“Politics! Politics! Politics!”
--Comicus (Mel Brooks)
History of the World Part I
I don’t know enough about Kosovo politics to know how smart it was for me to have spent a long evening on the town with a known, high-ranking member of Kosovo’s political opposition movement, but I can tell you this: the laughs alone were worth a potential pepper-spray shot to the face.
My friend in “the movement” is named Albion, and I met him through another new friend, Daniel, a German teacher currently living and teaching German to kids in Kosovo. We were joined by Suzi and Corinne, also Germans; both passing through on short visits to Pristina.
I should preface this discussion of our evening with a few things I’ve learned about the situation on the ground over the past days. Kosovo is a “newborn” country—having declared independence from Serbia/the former Yugoslavia in 2008—and is being run, in large part, by outsider, international-community types. The place is teeming with Land Rovers that sport international acronyms like UN, UNMINK, EuLEX, and KFOR, to name just a few. The latter, KFOR, or Kosovo Force, is the NATO-led major military and peacekeeping presence here. Pristina has a war-zone flavor as a result, but the place is, in fact, totally peaceful.
On the leadership front, I thought I was totally in-the-know when I arrived because, randomly, I had crossed paths with the President of Kosovo back in Skopje during his state visit to Macedonia. I snapped his photo and then looked him up his name on Google. But by the time I reached Kosovo weeks later, he was already out of office, having stepped down after the constitutional court ruled that his election in a parliamentary vote last month was illegal. The new president—a woman; the country’s first—just took over.
So back to Albion. He told me that the name of his organization is Vetevendosje, and explained that in English, “vet” means “self,” and “vendosje” means “determination,” so: Self-Determination is the name, and also the goal, of Albion’s movement. According to my understanding, the movement seeks to wrestle Kosovo out from underneath the international community’s thumb, and to achieve the right to self-determination for its people.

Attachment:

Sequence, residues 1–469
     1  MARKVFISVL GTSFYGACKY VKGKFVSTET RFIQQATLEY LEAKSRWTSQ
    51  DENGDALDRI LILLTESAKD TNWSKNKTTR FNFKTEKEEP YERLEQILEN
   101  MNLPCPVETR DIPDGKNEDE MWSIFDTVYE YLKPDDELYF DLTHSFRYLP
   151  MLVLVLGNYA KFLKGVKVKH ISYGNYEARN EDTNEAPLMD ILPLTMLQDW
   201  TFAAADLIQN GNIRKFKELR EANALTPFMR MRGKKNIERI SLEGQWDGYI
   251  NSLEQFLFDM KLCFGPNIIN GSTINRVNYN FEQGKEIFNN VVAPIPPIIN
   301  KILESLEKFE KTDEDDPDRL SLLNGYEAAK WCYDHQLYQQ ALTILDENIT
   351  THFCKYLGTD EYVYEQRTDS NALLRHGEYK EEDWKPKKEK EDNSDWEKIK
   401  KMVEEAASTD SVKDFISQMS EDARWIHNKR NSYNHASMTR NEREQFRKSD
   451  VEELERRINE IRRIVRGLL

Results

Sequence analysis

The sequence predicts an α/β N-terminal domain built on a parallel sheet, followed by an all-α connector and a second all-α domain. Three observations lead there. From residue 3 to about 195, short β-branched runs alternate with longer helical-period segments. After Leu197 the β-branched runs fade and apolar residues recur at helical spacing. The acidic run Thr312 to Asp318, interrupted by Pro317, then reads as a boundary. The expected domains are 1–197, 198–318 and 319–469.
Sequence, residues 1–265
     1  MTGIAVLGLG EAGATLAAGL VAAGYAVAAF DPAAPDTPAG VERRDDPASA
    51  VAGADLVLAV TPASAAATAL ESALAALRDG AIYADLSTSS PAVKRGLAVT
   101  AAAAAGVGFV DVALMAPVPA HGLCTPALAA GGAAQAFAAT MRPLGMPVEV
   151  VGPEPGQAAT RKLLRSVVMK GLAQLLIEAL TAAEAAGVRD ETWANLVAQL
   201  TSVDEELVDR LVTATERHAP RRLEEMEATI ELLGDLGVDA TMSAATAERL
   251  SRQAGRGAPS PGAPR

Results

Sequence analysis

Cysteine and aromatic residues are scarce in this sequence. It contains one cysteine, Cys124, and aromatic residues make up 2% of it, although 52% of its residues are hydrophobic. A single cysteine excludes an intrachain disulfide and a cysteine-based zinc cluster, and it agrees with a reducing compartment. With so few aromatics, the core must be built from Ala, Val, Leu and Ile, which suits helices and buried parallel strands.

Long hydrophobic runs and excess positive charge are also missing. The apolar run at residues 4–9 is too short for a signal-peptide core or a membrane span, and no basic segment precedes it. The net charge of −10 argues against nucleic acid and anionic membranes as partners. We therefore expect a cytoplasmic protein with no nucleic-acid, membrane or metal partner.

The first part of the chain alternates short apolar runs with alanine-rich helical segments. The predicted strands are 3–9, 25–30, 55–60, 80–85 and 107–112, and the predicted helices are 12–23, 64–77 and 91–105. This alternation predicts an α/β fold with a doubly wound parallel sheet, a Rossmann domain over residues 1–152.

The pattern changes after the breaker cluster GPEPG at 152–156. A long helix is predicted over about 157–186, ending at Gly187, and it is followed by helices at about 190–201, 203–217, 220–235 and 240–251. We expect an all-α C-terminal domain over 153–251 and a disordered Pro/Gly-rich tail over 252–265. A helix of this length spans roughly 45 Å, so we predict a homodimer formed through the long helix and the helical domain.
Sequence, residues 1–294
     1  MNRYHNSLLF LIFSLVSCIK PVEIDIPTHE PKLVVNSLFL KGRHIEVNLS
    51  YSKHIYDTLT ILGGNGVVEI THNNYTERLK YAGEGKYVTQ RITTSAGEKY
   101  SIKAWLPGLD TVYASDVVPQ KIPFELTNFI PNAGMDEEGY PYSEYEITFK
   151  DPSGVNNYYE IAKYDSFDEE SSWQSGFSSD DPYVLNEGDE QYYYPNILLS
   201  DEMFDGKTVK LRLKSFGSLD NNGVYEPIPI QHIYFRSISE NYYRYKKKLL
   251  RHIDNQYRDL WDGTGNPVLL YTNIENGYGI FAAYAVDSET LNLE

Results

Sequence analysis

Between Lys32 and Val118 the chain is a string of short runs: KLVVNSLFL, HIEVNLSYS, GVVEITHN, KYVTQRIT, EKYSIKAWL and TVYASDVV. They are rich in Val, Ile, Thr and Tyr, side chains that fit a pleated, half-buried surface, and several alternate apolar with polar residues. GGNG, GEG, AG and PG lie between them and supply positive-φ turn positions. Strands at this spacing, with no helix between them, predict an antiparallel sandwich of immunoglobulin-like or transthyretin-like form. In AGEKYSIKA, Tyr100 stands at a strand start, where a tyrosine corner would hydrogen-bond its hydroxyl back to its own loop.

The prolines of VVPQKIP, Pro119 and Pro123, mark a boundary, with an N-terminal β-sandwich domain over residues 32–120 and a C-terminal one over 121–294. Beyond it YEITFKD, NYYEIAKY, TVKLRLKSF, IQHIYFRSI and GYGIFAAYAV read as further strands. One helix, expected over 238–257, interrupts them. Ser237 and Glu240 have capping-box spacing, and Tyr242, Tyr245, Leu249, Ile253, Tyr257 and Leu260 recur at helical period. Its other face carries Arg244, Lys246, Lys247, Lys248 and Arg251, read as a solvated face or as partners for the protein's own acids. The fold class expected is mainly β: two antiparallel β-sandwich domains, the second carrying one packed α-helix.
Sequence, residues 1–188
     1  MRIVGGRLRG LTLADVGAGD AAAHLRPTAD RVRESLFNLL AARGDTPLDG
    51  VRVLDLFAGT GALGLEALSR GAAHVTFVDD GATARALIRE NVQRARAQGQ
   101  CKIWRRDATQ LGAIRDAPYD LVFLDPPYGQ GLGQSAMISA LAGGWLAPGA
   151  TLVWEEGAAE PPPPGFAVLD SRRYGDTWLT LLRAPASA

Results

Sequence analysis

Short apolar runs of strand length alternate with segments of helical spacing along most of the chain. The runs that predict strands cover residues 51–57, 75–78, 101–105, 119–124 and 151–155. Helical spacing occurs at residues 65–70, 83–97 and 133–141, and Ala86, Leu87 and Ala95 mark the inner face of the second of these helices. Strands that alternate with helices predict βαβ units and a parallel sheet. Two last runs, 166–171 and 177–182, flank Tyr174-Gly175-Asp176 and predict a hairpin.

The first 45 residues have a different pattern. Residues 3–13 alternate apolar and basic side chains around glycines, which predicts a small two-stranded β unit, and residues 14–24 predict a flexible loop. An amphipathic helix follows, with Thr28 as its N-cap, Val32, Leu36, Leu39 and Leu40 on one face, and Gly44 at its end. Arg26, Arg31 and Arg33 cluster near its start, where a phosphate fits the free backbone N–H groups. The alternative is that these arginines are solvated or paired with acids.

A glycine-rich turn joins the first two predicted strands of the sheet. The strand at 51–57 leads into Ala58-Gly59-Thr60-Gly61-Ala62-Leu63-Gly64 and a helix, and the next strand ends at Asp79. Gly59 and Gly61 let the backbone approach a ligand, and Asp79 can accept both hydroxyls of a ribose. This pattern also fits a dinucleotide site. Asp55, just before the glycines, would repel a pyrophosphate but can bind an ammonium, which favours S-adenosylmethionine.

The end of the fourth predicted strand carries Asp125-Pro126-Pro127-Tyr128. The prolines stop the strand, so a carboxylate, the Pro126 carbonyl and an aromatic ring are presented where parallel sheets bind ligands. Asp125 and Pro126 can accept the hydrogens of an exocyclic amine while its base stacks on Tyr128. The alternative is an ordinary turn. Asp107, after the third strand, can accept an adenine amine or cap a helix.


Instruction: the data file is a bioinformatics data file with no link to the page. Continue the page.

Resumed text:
We sat in the Aurora restaurant having macchiatos and pallaqinkas (like crepes or blintzes) while Albion held court about the movement and his role therein. He is the “Chief of Logistics,” meaning, I imagine, that he has a pretty big hand in things when the revolutionary sausage gets made. I had already run across some of Vetevendosje’s work, as the city appears to be one large canvas for Vetevendosje’s ubiquitous self-determination graffiti. One would be hard pressed to walk ten paces in Pristina without spying some of the movement's handiwork sprayed on the sides of buildings.
Albion, like the majority of Kosovars, is ethnic-Albanian and Muslim. He lives with his family and studies law at a local university in another town away. He’s also a laugh-riot. If things don’t work out for him and law or politics, he’s definitely got a future in comedy; that's how funny and witty this guy is.
Also like the majority of Kosovars, Albion considers Americans friends. You won’t see any Death-to-America-type sentiment here in Kosovo. In fact, quite the opposite: the Kosovars love America-to-Death, primarily because the U.S. and NATO intervened on Kosovo’s behalf when its people were being persecuted under a campaign of ethnic cleansing, and also because the United States was quick to recognize Kosovo as an independent state in 2008. In fact, the entire second floor of Kosovo's National Museum is dedicated to America and its efforts in support of Kosovo. I saw General Wesley Clark's uniform on display next to a couple of Madeliene Albright's famous lapel pins. And come to think of it, I don't think I've ever seen so many American flags outside of America.